"I think it is fair to say that in a small way today B.C. blinked", Premier Notley said.
Alberta is B.C.'s biggest wine customer, about $70 million worth of business a year, and this week the B.C. Wine Institute said wine growers were being severely affected.
I wrote the same thing to Premier Rachel Notley some time ago and her reply indicated that Alberta already has considerably more refinery capacity than I realized.
The move came after B.C. Premier John Horgan announced his government would turn to the courts on the question of whether B.C. could put a temporary ban on increased bitumen exports from Alberta.
Notley and the federal government labelled the move unconstitutional, and Notley banned B.C. wine from Alberta until Horgan agreed Thursday to reverse his decision and let the courts decide. The former group drives sales in most of the more widely popular brands and labels and has a province-wide reach, while the latter's emphasis on lesser-known regions, producers and styles - wines that sometimes require more of a hand sell - has helped round out the market.
Prodan said changing restrictions would protect his industry from being unfairly targeted by provincial governments in unrelated disputes.
Notley did not say the ban would be permanently lifted, reserving the right to bring it back into force once more, depending on what happens with the pipeline dispute.
The B.C. wine boycott is over and corks are popping all over the Calgary foodie community to celebrate. The statement was in response to a motion from the opposition Conservatives, who said PM Trudeau and his government had been sitting idly by while B.C. did its best to block the expansion.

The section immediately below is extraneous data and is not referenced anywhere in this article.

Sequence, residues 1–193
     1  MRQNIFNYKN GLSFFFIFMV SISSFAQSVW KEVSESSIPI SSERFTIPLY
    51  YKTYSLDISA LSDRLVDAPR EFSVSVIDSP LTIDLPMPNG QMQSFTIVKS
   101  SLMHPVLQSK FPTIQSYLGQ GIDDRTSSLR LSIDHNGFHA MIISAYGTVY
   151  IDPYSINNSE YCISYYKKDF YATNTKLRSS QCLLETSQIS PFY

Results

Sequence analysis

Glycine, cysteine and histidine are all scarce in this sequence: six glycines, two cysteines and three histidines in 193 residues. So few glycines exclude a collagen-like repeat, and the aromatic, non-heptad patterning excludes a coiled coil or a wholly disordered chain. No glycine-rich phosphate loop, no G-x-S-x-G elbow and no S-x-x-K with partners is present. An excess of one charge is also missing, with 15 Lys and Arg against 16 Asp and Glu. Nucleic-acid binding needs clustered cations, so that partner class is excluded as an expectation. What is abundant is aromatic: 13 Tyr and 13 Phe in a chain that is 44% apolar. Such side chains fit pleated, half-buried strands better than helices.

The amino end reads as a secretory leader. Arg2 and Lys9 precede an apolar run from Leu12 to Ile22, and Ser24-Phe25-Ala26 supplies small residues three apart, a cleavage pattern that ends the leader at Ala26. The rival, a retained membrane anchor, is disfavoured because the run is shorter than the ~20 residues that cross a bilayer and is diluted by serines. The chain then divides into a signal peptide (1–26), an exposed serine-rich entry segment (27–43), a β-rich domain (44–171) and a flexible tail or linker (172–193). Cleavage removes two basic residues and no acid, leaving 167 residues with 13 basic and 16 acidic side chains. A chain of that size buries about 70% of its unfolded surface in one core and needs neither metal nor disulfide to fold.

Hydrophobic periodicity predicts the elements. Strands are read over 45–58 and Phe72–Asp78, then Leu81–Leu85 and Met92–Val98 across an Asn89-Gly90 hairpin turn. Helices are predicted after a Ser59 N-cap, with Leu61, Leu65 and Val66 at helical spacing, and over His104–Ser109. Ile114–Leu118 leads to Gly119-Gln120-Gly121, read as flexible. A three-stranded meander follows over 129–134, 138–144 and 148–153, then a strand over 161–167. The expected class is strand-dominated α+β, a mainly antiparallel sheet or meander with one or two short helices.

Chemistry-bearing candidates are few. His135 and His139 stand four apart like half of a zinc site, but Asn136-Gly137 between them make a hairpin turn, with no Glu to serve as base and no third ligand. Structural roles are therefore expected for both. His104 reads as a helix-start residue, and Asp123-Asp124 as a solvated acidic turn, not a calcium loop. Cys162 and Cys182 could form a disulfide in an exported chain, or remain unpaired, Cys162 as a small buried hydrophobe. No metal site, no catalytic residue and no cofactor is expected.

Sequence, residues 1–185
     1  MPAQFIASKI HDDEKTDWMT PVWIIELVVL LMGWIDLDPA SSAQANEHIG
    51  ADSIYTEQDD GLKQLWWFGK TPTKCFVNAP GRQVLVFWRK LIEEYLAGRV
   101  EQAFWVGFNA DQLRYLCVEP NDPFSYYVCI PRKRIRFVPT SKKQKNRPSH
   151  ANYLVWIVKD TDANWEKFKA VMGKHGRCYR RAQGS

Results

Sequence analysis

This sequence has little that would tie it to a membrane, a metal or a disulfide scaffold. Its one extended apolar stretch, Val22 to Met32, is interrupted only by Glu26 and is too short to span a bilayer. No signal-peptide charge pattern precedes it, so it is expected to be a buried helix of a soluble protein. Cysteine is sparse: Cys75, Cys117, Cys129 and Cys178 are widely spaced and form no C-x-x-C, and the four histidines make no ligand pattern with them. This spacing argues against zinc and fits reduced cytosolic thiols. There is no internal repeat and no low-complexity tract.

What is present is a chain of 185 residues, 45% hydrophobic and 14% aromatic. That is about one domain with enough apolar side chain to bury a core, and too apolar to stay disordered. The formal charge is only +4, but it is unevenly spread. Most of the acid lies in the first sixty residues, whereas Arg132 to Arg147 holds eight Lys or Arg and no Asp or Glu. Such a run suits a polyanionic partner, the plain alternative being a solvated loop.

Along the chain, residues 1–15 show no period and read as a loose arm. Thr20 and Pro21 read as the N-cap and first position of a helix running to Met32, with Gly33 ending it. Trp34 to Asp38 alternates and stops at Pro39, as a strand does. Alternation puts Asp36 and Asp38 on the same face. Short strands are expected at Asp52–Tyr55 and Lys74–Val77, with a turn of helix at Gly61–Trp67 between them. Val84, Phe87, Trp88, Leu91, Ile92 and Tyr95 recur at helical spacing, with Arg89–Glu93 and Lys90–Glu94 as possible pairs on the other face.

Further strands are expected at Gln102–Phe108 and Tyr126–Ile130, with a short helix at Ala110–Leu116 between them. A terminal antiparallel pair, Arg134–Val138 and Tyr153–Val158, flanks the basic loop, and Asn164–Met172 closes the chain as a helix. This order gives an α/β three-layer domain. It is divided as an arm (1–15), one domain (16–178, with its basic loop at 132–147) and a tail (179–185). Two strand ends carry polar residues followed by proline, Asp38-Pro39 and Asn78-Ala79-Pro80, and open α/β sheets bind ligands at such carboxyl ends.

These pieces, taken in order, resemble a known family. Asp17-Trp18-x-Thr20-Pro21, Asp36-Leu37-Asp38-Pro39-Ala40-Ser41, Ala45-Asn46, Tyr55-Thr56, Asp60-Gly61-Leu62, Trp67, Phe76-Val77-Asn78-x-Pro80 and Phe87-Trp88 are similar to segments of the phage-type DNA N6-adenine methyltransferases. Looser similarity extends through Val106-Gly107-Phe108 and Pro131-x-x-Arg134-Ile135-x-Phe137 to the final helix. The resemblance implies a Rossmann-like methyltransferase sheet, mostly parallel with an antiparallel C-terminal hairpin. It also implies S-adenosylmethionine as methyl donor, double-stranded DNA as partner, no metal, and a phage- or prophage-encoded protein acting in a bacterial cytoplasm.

The owner of St. Hubertus and Oak Bay Estate Winery in Kelowna is celebrating the end of Alberta's boycott of B.C. wine.
"We are prepared to confirm that right in the courts".
On Thursday, Notley said the wine ban has been suspended.
"This afternoon, B.C. said they were shelving their threat to regulate what flows through a federally-approved pipeline", said Notley."B.C. never had the right to begin with". "We understand they need the jobs in the oil industry, and we need to look out for our environment..."
"I'm confident that the courts will not give B.C. rights it does not possess under our Constitution", she said.
So, ramming a pipeline through B.C.'s densely populated Lower Mainland, and increasing the number of dilbit tankers through the crowded Salish Sea, against the wishes of the B.C. government, the cities of Vancouver, Victoria, Burnaby, and others, First Nations, and half the people of B.C.is OK? Notley, who had also scuttled talks to buy B.C. electricity, had been threatening further retaliatory action.